The first case of COVID-19 was reported in late February in Nigeria with a rapid increase in the following weeks. As the government and organizations funded by USAID and PEPFAR activated a cross-sectoral collaboration in response, the need for ventilators became clear.
In June, 200 ventilators donated by USAID arrived in Nigeria. Shortly thereafter, the FHI 360-led Meeting Targets and Maintaining Epidemic Control (EpiC) project supported the government to assess health care facility needs for ventilators. The assessment, conducted in 88 locations, revealed that although 350 ventilators existed in the country, many were broken or in poor condition.
The donated ventilators were distributed to 88 health facilities across all 36 states and the Federal Capital Territory. Then, 44 “master” trainers – select biomedical engineers and intensive care specialists from 20 facilities – were chosen and trained in use, installation, and preventive maintenance of the ventilators by Medtronics in collaboration with FHI 360 and the Federal Ministry of Health (FMOH). The trainings were conducted in two batches in Lagos and Abuja with participants getting firsthand experience in installation and use. Master trainers are now conducting step-down trainings with health care providers from all facilities that received ventilators.
The University of Portharcout Teaching Hospital is one of the facilities that has benefited from USAID’s ventilator program. This tertiary hospital in southern Nigeria received three ventilators and now has two providers trained to use them. Dr. Job Otokwala, an anesthetist there, described a recent experience with the ventilator: “I had an infant with pulmonary hyperplasia and pneumothorax with agonal breathing that I had to intubate. I had to use the ventilator with the oxygen concentrator to ventilate the baby overnight. The child pulled through and self-extubated next morning and sustained very satisfactory saturation before being discharged. Good product, perfect outcome.”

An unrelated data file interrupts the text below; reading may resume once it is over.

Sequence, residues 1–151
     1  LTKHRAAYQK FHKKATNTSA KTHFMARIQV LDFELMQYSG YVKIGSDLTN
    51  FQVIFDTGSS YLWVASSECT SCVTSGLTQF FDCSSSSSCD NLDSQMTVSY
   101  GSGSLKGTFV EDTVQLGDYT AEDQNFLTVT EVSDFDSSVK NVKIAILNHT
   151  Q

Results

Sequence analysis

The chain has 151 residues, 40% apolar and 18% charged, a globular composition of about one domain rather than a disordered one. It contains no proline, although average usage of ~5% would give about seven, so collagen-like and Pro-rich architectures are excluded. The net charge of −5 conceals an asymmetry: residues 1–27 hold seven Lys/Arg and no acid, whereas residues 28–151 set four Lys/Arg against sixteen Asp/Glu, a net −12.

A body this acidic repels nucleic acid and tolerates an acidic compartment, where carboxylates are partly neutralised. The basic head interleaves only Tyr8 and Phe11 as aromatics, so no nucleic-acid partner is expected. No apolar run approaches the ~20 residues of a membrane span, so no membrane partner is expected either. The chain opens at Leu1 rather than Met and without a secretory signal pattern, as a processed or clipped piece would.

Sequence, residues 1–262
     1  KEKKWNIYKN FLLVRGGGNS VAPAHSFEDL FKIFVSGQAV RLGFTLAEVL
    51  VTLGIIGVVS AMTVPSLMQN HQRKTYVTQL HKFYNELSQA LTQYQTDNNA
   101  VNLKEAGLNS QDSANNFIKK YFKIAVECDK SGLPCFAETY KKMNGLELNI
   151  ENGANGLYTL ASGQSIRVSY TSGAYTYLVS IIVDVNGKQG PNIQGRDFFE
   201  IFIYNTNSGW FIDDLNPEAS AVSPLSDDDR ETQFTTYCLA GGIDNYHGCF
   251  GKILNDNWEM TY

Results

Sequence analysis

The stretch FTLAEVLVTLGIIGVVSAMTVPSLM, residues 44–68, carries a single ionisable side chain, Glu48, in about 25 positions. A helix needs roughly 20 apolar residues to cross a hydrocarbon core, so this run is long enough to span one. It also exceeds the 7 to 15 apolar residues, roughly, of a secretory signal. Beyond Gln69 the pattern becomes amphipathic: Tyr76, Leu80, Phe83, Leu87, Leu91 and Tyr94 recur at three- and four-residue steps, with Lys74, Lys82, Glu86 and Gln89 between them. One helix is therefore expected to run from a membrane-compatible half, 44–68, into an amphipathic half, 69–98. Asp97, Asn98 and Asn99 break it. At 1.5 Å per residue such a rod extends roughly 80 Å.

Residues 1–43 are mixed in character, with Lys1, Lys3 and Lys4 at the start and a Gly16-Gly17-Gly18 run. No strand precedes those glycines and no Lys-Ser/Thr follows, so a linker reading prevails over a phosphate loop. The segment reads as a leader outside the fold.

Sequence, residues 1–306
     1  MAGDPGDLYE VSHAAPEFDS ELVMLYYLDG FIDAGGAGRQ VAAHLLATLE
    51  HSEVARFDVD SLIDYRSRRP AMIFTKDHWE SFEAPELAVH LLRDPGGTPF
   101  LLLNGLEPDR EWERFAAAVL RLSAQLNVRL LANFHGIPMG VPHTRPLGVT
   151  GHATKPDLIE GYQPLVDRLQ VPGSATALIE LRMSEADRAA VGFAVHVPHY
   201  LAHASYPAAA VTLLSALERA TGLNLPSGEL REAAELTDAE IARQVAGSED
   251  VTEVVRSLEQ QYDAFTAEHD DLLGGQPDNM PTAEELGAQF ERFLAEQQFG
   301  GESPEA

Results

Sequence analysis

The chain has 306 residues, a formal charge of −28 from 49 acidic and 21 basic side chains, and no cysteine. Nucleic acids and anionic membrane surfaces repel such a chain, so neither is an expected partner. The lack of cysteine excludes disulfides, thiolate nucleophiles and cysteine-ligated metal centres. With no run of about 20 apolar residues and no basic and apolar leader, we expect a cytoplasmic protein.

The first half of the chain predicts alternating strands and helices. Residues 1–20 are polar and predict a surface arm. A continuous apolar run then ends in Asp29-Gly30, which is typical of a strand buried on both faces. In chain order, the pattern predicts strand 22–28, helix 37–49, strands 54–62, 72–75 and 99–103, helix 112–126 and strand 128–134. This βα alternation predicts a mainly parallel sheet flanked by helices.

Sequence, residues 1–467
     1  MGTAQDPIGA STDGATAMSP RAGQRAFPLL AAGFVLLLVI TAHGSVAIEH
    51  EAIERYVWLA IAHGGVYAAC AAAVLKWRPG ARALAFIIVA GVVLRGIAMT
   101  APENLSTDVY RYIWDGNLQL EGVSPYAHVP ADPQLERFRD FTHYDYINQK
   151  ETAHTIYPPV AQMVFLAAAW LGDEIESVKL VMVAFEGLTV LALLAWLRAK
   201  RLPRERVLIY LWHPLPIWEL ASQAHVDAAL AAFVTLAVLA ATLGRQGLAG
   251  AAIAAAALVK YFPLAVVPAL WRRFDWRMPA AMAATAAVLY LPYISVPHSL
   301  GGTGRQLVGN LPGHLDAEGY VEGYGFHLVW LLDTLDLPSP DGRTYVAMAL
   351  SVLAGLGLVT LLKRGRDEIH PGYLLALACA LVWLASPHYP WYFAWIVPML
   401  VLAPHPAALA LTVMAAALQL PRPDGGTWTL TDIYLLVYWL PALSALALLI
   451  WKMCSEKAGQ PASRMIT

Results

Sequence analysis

Previous investments by USAID and PEPFAR in Nigeria have helped position the government for an effective response to the COVID-19 pandemic. For example, through the Global HIV/AIDS Initiative Nigeria (GHAIN) and Strengthening Integrated Delivery of HIV/AIDS Services (SIDHAS), HIV service delivery projects funded by USAID and PEPFAR and led by FHI 360, the Infectious Disease Hospital Yaba in Lagos was renovated and upgraded in order to better respond to the HIV epidemic. In addition, the facility staff received trainings in infection prevention and control. These investments, coupled with the projects’ collaboration with the government of Nigeria on HIV epidemic response, guided the establishment of a COVID-19 isolation and treatment center at the hospital and its selection by the FMOH to receive two donated ventilators and capacitate staff on installation and use.
EpiC will continue to roll out the step-down trainings on use and maintenance of the ventilators with providers across Nigeria. As providers are trained, they are invited to join a community of practice on WhatsApp and use the messaging platform for ongoing mentoring and real-time peer learning. In addition, EpiC will introduce a simple-to-use performance monitoring tracking tool to support the FMOH in monitoring and evaluating the use of the ventilators.